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Joinery distortions can give indications of subsidence movement. Internal and external door openings can develop a tapered gap at the top, with the door lining and top architrave becoming sloped. Usually, the vertical sections of the door lining remain vertical. In the early stages, small gaps may appear at the mitre joints of the architraves, initially showing as hairline cracks in paintwork. Similar movements occur in windows, although can be more difficuly to detect visually.
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Negligence is what you can sue a surveyor for, if you suffer a monetary loss. Most professional institutions require that practising surveyors must carry Professional Indemnity insurance, often with a minimum cover related to the size of their practice - typical amounts are £250,000 - £1m. If a problem is just identified by a surveyor, that is not enough - (s)he must go further and, for example, state what the consequences are likely to be. But if a surveyor gives incorrect advice, or misses a defect, (s)he is not automatically liable. Professional Indemnity actions against surveyors (in reality against insurers) are something of a mine-field, and are almost always long-winded and costly affairs, with no guarantee of a successful outcome.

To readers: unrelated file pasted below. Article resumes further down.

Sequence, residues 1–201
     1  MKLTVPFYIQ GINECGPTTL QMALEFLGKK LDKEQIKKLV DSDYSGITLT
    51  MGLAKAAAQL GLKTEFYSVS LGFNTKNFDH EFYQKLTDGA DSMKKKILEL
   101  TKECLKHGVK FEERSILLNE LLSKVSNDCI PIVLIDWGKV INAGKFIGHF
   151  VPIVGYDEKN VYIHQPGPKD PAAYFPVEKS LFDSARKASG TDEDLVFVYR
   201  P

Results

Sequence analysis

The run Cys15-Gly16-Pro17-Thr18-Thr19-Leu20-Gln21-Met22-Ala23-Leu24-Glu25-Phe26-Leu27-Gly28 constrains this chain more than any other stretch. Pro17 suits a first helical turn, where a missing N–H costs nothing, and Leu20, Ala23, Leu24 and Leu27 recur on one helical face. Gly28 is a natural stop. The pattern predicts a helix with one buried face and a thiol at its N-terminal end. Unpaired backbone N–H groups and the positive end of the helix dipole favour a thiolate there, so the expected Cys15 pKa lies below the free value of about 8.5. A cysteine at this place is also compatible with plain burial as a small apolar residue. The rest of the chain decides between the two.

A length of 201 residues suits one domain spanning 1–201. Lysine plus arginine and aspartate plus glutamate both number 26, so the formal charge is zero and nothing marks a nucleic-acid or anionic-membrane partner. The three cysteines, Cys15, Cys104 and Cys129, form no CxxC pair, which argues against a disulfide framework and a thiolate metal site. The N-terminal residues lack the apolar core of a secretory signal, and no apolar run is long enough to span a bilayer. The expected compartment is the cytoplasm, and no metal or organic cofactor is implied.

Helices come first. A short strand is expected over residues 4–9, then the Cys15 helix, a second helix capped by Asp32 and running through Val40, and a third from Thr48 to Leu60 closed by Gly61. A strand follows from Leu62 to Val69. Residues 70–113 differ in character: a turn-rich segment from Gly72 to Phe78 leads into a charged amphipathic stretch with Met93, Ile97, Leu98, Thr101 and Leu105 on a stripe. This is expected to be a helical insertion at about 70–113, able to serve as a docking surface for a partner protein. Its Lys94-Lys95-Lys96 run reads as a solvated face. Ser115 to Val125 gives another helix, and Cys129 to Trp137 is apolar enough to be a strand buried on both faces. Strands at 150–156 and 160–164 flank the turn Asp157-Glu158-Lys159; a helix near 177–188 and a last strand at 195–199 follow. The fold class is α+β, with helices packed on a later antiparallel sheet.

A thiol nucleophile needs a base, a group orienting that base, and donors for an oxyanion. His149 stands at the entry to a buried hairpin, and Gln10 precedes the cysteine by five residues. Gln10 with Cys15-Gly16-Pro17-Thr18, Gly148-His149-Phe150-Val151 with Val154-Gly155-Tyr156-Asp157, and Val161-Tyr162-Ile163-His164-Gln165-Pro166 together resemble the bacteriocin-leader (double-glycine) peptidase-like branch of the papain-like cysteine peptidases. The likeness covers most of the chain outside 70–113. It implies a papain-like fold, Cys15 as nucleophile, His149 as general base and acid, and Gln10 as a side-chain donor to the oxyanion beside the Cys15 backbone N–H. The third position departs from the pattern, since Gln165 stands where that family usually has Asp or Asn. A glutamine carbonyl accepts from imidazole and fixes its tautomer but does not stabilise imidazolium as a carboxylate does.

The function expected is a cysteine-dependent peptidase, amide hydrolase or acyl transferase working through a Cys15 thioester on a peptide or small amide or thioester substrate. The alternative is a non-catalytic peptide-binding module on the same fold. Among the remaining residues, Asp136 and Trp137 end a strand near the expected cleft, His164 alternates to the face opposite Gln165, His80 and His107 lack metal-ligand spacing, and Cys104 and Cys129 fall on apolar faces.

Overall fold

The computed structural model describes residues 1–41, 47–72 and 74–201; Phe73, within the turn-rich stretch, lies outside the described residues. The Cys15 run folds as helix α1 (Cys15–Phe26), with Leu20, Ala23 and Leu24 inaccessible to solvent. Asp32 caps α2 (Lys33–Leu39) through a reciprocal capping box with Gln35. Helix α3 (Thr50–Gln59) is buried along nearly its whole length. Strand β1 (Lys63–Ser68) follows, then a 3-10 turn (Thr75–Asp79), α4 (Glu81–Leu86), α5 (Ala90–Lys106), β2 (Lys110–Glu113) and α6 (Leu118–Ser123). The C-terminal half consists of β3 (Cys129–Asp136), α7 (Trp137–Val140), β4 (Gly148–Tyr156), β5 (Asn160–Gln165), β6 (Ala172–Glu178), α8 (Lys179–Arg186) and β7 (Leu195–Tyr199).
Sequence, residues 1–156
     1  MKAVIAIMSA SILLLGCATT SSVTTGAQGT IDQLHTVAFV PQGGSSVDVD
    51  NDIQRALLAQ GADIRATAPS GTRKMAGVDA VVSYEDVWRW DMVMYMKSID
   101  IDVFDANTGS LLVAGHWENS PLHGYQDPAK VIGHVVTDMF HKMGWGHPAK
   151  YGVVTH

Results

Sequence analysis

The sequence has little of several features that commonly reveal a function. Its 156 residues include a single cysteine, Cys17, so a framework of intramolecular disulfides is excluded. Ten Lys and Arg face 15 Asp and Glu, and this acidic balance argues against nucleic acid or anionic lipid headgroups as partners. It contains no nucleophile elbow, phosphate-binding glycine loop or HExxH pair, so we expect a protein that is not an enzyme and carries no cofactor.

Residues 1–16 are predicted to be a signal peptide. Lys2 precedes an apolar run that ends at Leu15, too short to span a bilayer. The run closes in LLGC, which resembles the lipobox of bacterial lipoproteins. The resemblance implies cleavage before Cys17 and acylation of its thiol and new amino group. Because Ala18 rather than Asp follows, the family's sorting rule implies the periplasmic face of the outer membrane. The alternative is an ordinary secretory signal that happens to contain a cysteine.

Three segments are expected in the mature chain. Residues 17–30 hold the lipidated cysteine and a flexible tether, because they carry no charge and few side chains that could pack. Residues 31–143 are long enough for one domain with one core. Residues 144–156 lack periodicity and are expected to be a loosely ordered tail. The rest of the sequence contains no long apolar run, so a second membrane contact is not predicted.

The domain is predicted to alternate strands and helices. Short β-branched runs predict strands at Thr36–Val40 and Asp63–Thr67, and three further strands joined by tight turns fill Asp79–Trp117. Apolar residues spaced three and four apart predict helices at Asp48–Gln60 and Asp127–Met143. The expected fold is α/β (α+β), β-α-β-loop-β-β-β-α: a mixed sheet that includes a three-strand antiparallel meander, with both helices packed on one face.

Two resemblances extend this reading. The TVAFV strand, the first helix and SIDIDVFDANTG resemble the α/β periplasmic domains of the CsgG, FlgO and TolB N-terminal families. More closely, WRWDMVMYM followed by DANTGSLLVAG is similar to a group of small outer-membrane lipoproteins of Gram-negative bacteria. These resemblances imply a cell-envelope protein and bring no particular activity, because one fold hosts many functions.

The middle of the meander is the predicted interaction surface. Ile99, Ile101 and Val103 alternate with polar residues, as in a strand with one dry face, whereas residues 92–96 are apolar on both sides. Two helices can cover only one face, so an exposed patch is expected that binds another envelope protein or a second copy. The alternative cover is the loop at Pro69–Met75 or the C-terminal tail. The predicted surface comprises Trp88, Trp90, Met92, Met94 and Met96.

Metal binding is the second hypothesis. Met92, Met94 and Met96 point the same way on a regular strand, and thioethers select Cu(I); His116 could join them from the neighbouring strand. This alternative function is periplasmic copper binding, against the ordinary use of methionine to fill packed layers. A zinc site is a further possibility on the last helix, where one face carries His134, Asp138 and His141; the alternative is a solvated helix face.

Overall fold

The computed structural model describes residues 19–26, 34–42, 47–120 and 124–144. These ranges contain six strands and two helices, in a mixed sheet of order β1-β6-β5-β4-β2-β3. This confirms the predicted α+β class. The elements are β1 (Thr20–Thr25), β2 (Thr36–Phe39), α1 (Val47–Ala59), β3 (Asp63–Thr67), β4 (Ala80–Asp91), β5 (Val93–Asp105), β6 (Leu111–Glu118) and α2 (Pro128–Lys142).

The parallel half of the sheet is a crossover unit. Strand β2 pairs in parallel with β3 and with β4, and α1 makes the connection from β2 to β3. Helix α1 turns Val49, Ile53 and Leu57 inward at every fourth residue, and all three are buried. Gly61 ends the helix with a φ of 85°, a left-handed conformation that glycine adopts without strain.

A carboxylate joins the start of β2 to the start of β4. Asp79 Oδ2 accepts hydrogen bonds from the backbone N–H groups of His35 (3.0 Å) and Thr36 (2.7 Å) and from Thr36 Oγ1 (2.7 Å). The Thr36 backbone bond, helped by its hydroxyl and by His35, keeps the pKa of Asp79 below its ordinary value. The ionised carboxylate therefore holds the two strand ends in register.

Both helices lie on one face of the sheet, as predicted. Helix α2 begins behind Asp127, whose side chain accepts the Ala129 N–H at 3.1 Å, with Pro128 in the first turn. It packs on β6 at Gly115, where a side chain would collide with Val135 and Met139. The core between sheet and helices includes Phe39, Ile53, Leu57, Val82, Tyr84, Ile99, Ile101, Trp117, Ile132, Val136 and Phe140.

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Roof spread occurs when a roof frame is not properly tied ("triangulated"), resulting in horizontal movement which pushes fascia boards out sideways, and often leaves a visible gap between the soffit board and brickwork. In extreme cases, brickwork can be pushed out at the top and the wall develops an outward curve. Roof spread happens mainly in "cut" roofs (made from sawn timber) and is usually caused by poor design on the part of the architectural designer, or site carpenter. It hardly ever occurs in trussed roofs, which are designed and manufactured in a factory and brought to site for final erection. Roof spread is not covered by standard house insurance policies, therefore the expense of remedying falls on the owner.
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Slenderness problems (the height : wall thickness ratio) are very common. Properly, a cavity wall should be tied ("laterally restrained") to floor structures at each floor level. Often this happens accidentally, where floor joists are built in to the inner skin of the cavity wall. But where the joists run parallel, there is often no connection between the two. Lateral restraint ties for this situation have become a basic Building Control requirement in recent years, but most older houses have no restraint in some walls. The remedy is to take up some floor boarding, notch the tops of the floor joists, and install long, thin, galvanised steel ties - these are built into the inner leaf of brickwork and nailed to the joists, typically at 1.8m centres.